Written by Heather Warman and Deborah Payne as an op-editorial to the Courier-Journal. Find the original op-ed here.
For the first time in public debate with Secretary of State Alison Lundergan Grimes, Sen. Mitch McConnell vocalized why coal is no longer king in this country. It’s because it affects our health. Wow. Of course McConnell was actually quoting his colleague, Senate Majority Leader Harry Reid on why he would not move new policies to expand coal in the US: “We talk about cost competitiveness, but one thing we fail to talk about is the costs that you don’t see on the bottom line. That is: Coal makes us sick.” Yes, a few words of truth did actually roll out of Washington, D.C.
Check out this clip from KET's Kentucky Tonight program on Energy Policy, featuring KEF Director Heather Warman.
Written by KEF Director Heather Warman as an op-editorial for the Courier-Journal. Find the original op-ed here.
In early June, the Environmental Protection Agency released new national carbon emissions standards aimed to reduce the amount of carbon dioxide pollution thirty percent by 2030. The proposed regulations are a landmark, the first ever attempt at limiting these harmful emissions. Although the new standards were designed to allow states flexibility in reaching the target levels, many Kentucky politicians were quick to brand the effort as a new phase in the mythical “War on Coal.”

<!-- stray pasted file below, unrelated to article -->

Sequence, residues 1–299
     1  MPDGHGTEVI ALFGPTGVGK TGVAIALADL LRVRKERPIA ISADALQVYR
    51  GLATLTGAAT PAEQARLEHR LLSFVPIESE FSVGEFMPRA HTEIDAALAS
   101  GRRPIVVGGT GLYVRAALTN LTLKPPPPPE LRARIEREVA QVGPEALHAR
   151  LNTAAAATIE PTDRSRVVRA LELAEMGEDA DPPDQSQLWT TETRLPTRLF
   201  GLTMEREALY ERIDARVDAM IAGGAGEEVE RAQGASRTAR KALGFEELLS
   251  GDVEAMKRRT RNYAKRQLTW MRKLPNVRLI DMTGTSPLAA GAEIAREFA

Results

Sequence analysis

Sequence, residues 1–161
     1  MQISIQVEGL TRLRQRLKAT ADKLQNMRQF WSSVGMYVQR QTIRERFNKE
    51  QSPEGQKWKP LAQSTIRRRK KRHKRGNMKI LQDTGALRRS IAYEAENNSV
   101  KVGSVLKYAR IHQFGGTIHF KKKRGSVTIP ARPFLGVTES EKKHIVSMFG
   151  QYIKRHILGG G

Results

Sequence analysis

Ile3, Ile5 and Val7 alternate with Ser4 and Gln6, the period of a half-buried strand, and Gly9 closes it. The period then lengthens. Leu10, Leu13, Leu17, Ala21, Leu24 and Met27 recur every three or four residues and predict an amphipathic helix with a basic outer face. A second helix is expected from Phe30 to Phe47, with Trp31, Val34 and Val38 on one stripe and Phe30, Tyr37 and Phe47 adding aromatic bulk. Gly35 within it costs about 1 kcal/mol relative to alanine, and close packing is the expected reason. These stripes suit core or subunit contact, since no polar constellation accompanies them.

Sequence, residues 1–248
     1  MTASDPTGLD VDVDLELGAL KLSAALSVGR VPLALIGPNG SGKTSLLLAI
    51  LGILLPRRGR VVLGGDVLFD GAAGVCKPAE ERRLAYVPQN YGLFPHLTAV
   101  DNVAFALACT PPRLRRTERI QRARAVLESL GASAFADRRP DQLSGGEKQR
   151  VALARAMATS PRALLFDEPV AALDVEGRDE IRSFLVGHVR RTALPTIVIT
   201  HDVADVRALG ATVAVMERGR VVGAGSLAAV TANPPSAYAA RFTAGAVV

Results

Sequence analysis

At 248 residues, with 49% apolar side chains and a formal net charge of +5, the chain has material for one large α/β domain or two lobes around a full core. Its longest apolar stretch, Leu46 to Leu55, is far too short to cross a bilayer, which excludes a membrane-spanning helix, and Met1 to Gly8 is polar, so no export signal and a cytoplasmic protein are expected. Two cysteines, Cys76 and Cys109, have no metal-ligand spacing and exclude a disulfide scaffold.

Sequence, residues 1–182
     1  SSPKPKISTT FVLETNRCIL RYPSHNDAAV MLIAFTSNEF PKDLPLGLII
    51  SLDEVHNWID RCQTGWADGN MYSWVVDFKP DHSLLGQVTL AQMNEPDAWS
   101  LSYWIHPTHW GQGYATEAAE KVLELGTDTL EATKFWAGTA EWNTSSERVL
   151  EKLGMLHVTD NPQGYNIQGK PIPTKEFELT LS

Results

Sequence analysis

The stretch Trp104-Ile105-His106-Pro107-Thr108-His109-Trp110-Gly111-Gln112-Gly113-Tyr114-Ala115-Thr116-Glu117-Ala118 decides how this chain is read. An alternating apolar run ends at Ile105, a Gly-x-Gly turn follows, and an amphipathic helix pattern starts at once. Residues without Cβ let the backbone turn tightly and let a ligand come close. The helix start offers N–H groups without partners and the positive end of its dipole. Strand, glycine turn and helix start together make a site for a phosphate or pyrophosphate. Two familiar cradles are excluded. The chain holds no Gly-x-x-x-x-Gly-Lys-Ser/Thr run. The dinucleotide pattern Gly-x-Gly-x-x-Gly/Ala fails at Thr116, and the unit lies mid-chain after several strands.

Written by KEF Director Heather Warman as an op-editorial for the Lexington Herald-Leader. Find the original op-ed here.
Earlier this month, the United Nations Intergovernmental Panel on Climate Change (IPCC) issued its Fifth Assessment Report—a sobering document that outlines both the human effects on climate change and the consequences of inaction. Specifically, the report cites the dithering by our elected leaders as worsening the situation, as greenhouse gas emissions are increasing more dramatically than ever. However, the report did offer a ray of hope: that there is still a window of time to begin reversing the effects of climate change, and that the political will to do so is rising around the world.
Unfortunately, that is not the case here in Kentucky. Many of our elected officials and candidates continue to deny the existence of climate change, or that much of it is manmade. The coal industry continues to exert its influence on this issue, branding any efforts to regulate greenhouse gas emissions as a fictional War on Coal.
KEF Director Heather Warman was featured on the radio program Eastern Standard, broadcasted by WEKU and hosted by John Hingsbergen. To listen to the full discussion, click here.
"On this week’s show, we'll discuss the downturn in Eastern Kentucky coal mining, other challenges to the mining industry and hopes to rejuvenate or replace this important element of the Commonwealth's economy.
Guests: Bill Bissett, President ofthe Kentucky Coal Association;Andrew McNeill, Executive Director of the Kentucky Oil and Gas Association; and Heather Warman, Executive Director of the Kentucky Environmental Foundation."
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